Adventists Respond to Crisis in Honiara, Solomon Islands; Staff Evacuated

Honiara, Solomon Islands
Ray Coombe / ANN
Adventists Respond to Crisis in Honiara, Solomon Islands; Staff Evacuated

Twelve of the Seventh-day Adventist Church's expatriate staff based in Honiara in the Solomon Islands, were evacuated on Thursday afternoon, June 8

Twelve Seventh﷓day Adventist Church expatriate staff based in Honiara in the Solomon Islands were evacuated on Thursday afternoon, June 8, on the Australian naval vessel HMAS Tobruk. The group was comprised of seven women, four children and one man, all from the church’s compound of the Western Pacific Union Mission (WPUM) and Betikama High School located seven kilometers east of the town, near the airport where gun﷓fighting broke out last Wednesday midday.

The husbands and other male expatriates have decided to remain, although the president of the Adventist Church’s South Pacific Division, Pastor Laurie Evans, has urged them to leave as soon as possible.

Meanwhile, Pastor Lawrence Tanabose, Secretary for the WPUM, has been asked by the Australian High Commission and the Prime Minister of the Solomon Islands, Mr Batholomew Ulufa’alu, to act as a mediator between the two warring factions. Pastor Tanabose crossed the front lines of the rival militia groups on Thursday afternoon and secured an agreement from the Isatabu Freedom Movement (IFM) to a ceasefire and talked with representatives of the Malaita Eagle Force (MEF) on Thursday evening. It is believed that an agreement has been reached which will ensure that a visit by the Australian Foreign Minister, Alexander Downer, and other Commonwealth leaders will go ahead this weekend.

Throughout the crisis, triggered by the armed seizure of the Prime Minister and key facilities around Honiara by the MEF, WPUM President, Pastor Neil Watts, has been in contact with church head offices in Sydney and has spoken to the media on several occasions.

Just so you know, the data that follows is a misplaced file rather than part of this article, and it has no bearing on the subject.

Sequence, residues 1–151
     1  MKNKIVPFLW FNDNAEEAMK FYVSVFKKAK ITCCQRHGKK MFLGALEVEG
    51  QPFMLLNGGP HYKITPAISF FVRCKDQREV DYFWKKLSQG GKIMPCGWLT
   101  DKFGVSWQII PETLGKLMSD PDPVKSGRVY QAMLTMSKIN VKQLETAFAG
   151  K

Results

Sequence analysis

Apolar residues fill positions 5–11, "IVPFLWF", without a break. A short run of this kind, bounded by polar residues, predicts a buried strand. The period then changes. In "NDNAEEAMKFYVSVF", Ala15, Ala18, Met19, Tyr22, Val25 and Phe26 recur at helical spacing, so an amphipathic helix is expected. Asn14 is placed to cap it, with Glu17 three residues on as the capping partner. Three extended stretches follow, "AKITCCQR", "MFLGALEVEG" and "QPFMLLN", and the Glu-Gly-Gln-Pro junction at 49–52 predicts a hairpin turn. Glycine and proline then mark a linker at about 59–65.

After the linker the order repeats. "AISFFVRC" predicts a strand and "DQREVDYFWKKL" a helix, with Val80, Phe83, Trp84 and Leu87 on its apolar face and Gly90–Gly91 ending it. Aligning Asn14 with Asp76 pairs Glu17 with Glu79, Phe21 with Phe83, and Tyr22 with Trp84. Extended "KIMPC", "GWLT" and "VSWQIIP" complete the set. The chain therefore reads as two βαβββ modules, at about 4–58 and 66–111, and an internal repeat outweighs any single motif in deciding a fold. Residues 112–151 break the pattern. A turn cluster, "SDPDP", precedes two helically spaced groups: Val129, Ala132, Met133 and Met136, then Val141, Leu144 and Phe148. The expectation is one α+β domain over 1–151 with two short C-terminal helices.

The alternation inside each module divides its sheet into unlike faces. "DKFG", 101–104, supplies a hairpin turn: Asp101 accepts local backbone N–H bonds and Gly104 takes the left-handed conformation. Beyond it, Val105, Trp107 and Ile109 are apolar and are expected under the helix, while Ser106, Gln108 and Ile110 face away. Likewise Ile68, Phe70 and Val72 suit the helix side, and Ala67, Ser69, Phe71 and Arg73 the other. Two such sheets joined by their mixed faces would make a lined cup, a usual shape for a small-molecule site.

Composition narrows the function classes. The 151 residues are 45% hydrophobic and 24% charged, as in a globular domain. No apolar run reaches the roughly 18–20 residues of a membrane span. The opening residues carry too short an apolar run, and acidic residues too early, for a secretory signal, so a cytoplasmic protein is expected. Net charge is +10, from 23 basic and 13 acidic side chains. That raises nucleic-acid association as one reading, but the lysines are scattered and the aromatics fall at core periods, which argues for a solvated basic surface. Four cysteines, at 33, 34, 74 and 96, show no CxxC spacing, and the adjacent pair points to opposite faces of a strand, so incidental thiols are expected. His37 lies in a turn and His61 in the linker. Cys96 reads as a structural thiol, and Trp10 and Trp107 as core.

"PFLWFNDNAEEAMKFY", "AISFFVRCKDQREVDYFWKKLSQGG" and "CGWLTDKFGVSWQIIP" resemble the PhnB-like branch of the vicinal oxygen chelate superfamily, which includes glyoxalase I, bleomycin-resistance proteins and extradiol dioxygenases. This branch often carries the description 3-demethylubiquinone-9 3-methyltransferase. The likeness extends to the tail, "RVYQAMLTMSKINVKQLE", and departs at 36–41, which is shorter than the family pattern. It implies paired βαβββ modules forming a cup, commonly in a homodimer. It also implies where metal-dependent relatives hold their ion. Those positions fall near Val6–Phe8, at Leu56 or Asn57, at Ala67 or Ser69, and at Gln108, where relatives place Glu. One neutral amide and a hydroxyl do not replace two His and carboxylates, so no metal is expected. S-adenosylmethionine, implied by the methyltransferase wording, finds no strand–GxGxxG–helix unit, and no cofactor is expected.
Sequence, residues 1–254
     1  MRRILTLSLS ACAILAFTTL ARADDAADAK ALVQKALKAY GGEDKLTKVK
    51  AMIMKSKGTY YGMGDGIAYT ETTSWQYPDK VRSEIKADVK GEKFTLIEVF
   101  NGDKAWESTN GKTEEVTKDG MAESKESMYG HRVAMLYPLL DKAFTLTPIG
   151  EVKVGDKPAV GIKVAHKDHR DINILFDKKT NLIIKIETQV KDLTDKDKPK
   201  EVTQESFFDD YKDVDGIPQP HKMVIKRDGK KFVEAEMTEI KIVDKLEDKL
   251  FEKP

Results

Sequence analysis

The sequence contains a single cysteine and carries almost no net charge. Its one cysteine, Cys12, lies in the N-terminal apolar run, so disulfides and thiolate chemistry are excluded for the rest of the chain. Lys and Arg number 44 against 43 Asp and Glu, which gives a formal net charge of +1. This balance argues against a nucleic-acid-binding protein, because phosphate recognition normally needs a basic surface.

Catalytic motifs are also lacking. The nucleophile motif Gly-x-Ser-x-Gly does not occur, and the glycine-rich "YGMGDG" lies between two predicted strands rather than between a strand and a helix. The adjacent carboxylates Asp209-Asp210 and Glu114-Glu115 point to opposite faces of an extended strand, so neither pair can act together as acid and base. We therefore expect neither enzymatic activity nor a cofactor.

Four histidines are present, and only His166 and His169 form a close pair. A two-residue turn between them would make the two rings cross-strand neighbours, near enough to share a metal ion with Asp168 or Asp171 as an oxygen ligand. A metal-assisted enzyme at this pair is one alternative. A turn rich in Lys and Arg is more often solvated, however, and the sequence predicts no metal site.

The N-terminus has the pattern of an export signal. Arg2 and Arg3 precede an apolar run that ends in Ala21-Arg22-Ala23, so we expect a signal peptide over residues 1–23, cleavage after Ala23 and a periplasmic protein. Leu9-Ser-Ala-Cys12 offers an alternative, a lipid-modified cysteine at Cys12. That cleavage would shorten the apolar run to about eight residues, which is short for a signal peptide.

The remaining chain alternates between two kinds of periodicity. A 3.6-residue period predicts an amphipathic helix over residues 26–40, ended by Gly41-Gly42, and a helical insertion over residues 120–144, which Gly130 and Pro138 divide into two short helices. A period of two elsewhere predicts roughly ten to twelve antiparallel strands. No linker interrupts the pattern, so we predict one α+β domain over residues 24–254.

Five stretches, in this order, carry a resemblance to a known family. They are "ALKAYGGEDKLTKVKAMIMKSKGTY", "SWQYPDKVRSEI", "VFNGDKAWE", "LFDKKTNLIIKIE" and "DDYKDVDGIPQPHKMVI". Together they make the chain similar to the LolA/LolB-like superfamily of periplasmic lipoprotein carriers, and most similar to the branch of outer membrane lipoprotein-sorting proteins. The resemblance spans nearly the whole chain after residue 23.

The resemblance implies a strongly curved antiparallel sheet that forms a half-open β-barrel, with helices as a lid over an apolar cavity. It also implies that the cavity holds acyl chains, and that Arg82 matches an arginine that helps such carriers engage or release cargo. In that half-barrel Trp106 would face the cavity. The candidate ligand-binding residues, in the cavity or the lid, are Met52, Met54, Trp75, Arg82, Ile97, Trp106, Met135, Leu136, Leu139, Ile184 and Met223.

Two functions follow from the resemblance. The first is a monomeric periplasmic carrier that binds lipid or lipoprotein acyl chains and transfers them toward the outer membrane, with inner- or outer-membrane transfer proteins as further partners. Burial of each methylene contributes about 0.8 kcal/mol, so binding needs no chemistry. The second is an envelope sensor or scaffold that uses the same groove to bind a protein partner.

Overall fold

Watts told the Sydney Morning Herald on Wednesday that while the church did not approve of the “forcing of a democratically﷓elected government from office,” the Solomon Islands government had been “tardy and ineffective” at resolving the tension between the people of Guadalcanal and the immigrants from Malaita.

Last week, the church released a statement to the media in the Solomon Islands which called for a cessation of conflict and respect for the government, and it affirmed its neutrality in the crisis.

The public statement concerning ethnic tensions reads:

“As an organization, the Seventh﷓day Adventist Church wishes to state clearly that it remains neutral in the current tensions and wishes to see peace restored.

“We call upon all parties to cease fighting, respect democratic processes and allow the peace process to go ahead.

“We believe that the use of force to extend one’s views is unacceptable. When Solomon Island people turn their guns upon each other with the view of annihilation instead of resorting to discussion and conflict resolution, it is a national disgrace.

“We strongly oppose the use of armed force for political or any other purpose and condemn the current fighting taking place near Honiara.

“We therefore appeal to Solomon Islanders to lay down their guns and come to discussion and conflict resolution strategies immediately. Ethnic tensions are disruptive to society whenever they occur and lead to distrust and the destruction of truth and integrity as well as to senseless killing and maiming of a nation’s young men.

“We would call on all people of the Solomon Islands to be united in the spirit of Christ who told us to love even our enemies and pray for those who do wrong to us. In an increasingly divided world, a unified church will exhibit a spirit of love, tolerance, understanding and forgiveness, which is the only lasting answer for a society torn apart by tension and self﷓interest.

“The Adventist Church urges all its members not to be involved in either side of the conflict.  We remind them that following the teachings and example of Christ means that we do not take up weapons and become involved in armed conflict.  We call on all local Adventist churches to consider applying church disciplinary action if any members become involved in such activities.

“We are praying that all those involved in negotiations be given special wisdom and guidance to find fair and acceptable solutions to the current problems and to restore peace quickly to our nation.

“As a result of the crisis, employment of nationals in the capital of Honiara has been disrupted, and incomes and livelihood are threatened. Schools have all been closed and attendance at church services is down. Consequently the income of tithes and offerings are affected and the ongoing activities of the church will be disrupted.

“We ask our members throughout the Division and the world to uphold the safety of our church members in the Solomon Islands and pray that a peaceful resolution will be found quickly.”

Seventh﷓day Adventist membership in the three Solomon Island Missions totals 29,477, with 165 churches, a large education system of 74 schools and one hospital.

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